perception that one is not in control of his outcomes while a perception
of a God who is freeing rather than restricting, and who is uncontrolling
rather than controlling, is consistent with a perception of internality.
Nunn (1964) conducted a study investigating parents use of the
concept of God as a means of controlling their children. He found that
parents who felt powerless tended to form a coalition with God in which
God was invoked as a third party to exercise control over the children.








In the course of the investigation, he came to the conclusion that,
powerless people who form a coalition with God to control
their children tend to participate in a religious system that
especially denies the competence of the actor and exalts the
direct control of man's affairs by God. These people tend to
prefer sect and transitional churches, while those who do not
feel powerless tend to prefer denominational type churches.
(p. 420)
He classified transitional churches as Church of Christ, and Southern

Baptists, sects as Jehovah's Witnesses and Baptist sects, denominational

churches as Methodists, Presbyterians, "and other Protestants."

Despite the above findings, the question still remains unanswered
as to whether religion acts indirectly on the personality of the child

through the way it affects the attitudes and behavior of the parents in

their interactions with the child; or whether the influence of religion

is more direct through the effects of religious education experienced by
the child. It is quite possible that the effects are a combination of
both.
Allport et al. (1948) in investigating the religion of post-war

college students, concluded that early religious training was likely to
be a principle psychological influence upon the individual's later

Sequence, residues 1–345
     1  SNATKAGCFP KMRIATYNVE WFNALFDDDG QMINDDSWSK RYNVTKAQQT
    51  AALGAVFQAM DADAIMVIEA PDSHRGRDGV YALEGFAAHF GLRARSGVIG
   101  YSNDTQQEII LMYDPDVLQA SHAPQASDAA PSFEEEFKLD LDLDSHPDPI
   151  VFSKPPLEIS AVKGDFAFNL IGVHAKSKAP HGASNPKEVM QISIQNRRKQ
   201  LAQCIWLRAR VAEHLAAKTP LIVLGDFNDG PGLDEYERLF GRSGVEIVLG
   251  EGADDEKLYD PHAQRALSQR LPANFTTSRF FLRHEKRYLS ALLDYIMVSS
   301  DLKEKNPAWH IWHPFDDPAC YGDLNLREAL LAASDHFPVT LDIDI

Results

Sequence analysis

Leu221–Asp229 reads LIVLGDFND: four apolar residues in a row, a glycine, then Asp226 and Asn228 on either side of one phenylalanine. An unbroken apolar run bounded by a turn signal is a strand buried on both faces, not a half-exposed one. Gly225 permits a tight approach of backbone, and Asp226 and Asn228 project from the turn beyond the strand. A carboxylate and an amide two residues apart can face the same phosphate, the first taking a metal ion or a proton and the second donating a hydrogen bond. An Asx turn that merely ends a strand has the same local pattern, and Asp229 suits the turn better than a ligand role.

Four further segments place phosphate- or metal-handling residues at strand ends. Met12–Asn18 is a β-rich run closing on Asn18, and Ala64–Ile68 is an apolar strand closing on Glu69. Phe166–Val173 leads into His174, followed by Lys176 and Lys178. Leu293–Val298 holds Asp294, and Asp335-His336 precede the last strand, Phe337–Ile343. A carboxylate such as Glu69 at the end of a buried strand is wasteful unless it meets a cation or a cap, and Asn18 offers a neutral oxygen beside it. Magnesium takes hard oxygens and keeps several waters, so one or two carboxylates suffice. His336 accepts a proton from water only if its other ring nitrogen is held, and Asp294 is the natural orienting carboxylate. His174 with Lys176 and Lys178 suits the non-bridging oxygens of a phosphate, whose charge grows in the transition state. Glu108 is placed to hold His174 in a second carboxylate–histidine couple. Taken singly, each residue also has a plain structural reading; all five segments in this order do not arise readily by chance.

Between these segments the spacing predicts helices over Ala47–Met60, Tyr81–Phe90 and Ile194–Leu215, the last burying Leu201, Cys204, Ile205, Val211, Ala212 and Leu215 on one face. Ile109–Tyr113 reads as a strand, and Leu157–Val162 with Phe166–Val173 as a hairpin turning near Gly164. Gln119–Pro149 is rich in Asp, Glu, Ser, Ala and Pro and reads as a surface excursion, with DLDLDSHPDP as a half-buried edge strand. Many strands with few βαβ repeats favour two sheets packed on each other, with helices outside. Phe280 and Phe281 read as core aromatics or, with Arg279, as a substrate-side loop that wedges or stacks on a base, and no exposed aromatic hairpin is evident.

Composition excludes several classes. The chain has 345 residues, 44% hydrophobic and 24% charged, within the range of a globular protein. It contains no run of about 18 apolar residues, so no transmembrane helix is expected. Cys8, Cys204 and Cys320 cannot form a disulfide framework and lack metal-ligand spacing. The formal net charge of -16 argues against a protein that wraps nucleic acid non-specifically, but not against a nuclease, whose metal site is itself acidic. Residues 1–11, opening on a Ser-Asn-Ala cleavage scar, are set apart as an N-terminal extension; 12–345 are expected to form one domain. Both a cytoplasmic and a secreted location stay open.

religious life. They further found that 50% of the college students

surveyed reported that they had turned against the religious teachings
of their parents. However, they reported considerable reason to suppose
that college students are in the least religious period of their lives,

and that religion becomes more important as they mature and face increased
responsibilities. This finding appears to indicate, as maintained pre-

viously, that college populations are not representative of the general
population in their religious beliefs. This may explain previous failures
to find a relationship between religion and LOC when college students








were used as subjects. The further finding that 43% of the students still
accepted their religious training argues for considering the possibility

that religion may well influence such personality traits as LOC.
As mentioned previously, Shraugher and Silverman (1971) found that

the LOC of members of the Jewish, Catholic, and Protestant faiths differed
significantly as moderated by church attendance. Although they did not

investigate the differences between Protestant denominations, Glock and

Stark (1966), and Poppleton and Pilkington (1963) maintain that there are
more differences between the Protestant denominations than between the

three major faiths, and that to attempt to group the Protestant denomina-
tions together, as has been done in the past, can obscure important
differences.
From this discussion it can be seen that Juadeo-Christian writings
conflict as to the degree to which man possesses the ability to control

his outcomes. Religious and parental teachings may result in individual
differences in one's image of God which has been found to correlate with

LOC, and research has indicated that there are significant differences
between the Jewish, Catholic, and Protestant faiths in the LOC of their

members. Also, several researchers have found more theological differ-